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Over 10 extraordinary episodes – and set against traumatic real-world events – this adaptation has resonated as loudly as Margaret Atwood’s 1985 novel. The series is set in Gilead, a totalitarian society in what used to be part of the US. Gilead is ruled by a fundamentalist regime that treats women as property of the state. Faced with environmental disasters and a plummeting birth rate the regime forces the few remaining fertile women into sexual servitude. One of these women, Offred, is determined to survive the terrifying world she lives in, and find the daughter that was taken from her.

Dong, dong, dong. Three bells, that is a death knell in The Handmaid’s Tale. There is to be an execution today, or a ‘salvaging’, as they call it in Gilead. The handmaids gather in the snow, and kneel when instructed to by Aunt Lydia. The men in black bring rocks in barrows. “Oh man, I hate stonings,” whines a young handmaid casually, as if she was complaining about something on the menu for lunch at school.

There it is, that dangerous, creeping normalisation, the utterly unordinary becoming ordinary. I hate it when someone gets publicly stoned to death, I hate it when transgender people are banned from the military.

Who is it going to be, though? Commander Putnam, getting the harshest possible punishment, as Mrs Putnam wanted, for his lust and covetousness? But we’ve just seen him having his hand surgically removed; surely they wouldn’t have bothered with that if they were going to stone him to death afterwards?

No! It’s Ofwarren, or Ofdaniel as she became after giving birth, but now back to being just Janine, stripped of her handmaid’s outfit, and her auburn hair cascading free. Her suicide bridge-jump failed; they kept her alive in order to kill her, a lesson to the others. “I know how difficult this is girls, I do,” cries Aunt Lydia. “But God gives us blessings and he gives us challenges. The price of his love is sometimes high, but it must be paid.”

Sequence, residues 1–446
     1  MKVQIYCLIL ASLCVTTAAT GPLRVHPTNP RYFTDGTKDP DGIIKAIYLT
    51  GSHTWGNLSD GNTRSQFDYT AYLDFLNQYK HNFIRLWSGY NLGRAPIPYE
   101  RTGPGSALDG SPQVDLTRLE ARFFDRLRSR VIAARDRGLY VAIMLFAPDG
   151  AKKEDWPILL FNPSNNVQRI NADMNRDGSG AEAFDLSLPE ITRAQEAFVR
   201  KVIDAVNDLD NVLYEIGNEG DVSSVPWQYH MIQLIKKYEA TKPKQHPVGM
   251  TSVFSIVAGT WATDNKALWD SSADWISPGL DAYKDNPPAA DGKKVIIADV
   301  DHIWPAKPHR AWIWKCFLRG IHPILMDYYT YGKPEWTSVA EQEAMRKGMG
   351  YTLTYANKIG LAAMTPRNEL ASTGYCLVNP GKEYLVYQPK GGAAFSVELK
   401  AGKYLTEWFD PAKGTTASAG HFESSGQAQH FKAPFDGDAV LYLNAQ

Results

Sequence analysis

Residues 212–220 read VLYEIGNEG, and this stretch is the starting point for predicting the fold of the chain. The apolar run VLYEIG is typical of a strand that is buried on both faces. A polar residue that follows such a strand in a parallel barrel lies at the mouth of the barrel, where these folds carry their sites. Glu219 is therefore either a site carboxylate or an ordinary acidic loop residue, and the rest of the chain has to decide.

They won’t do it, though, first Ofglen, then Offred – or June, as she’s becoming once more. And then the rest of them. Because something else has been creeping in: defiance. Possibly even hope. “They should never have given us uniforms if they didn’t want us to be an army,” June said earlier.

The non-stoning of Janine is an extraordinary scene. One of many extraordinary scenes. I can’t think of another television event that has hit quite such a nerve, and gone on resounding and resonating, worrying and creeping into your soul and into your dreams quite like The Handmaid’s Tale has.

In my house we’ve started speaking like them. “Under his eye,” we now greet each other in the morning. “Blessed be the fruit,” we say, especially at John the greengrocer’s (I don’t think John’s been watching, to be honest, judging by the odd look he gives us). It’s just a nervous reaction, avoidance strategy, an attempt to make light of something that is scary as hell.

It ends on a cliffhanger, as the novel does, with June – now pregnant – bundled into the back of a van and driven away … to escape, or for further punishment and torture? That’s where book and television part ways. The former gets Margaret Atwood’s metafictional epilogue, which hints at the collapse of Republic of Gilead and that it is replaced by something better. And the TV drama gets recommissioned, a whole new series.
There’ll be disapproval and dissent about that; how can an adaptation carry on beyond what it is being adapted from? I think it is fine. Not just because it is so damn good, but because of what is going on out there.

Just looking at the one week, and a few things that happened in real world between the transmission of the penultimate and the final episodes… four people die trying to cross the Rio Grande into the US; a further eight migrants are found dead in a truck in a Texas parking lot; in Europe the refugee crisis continues (I’m focusing on migration and refugees because it is a big theme in the final episode of Handmaid, with Moira’s escape and Canada’s generous welcome); the sperm count of western men has fallen by half, male fertility is plummeting; Saudi Arabia continues its execution spree, publicly beheading people for, among other things, protest; our own national broadcasting organisation values women less than men; Kim Kardashian’s surrogate is reportedly three months pregnant…

Maybe that last one’s not fair. But the rest of it is.
It’s as relevant today as it was when Atwood wrote it, in Berlin, in 1985. And while all this continues to be real, we need The Handmaid’s Tale – to keep reminding, and resonating, and ringing. Dong, dong, dong.

The Guardian

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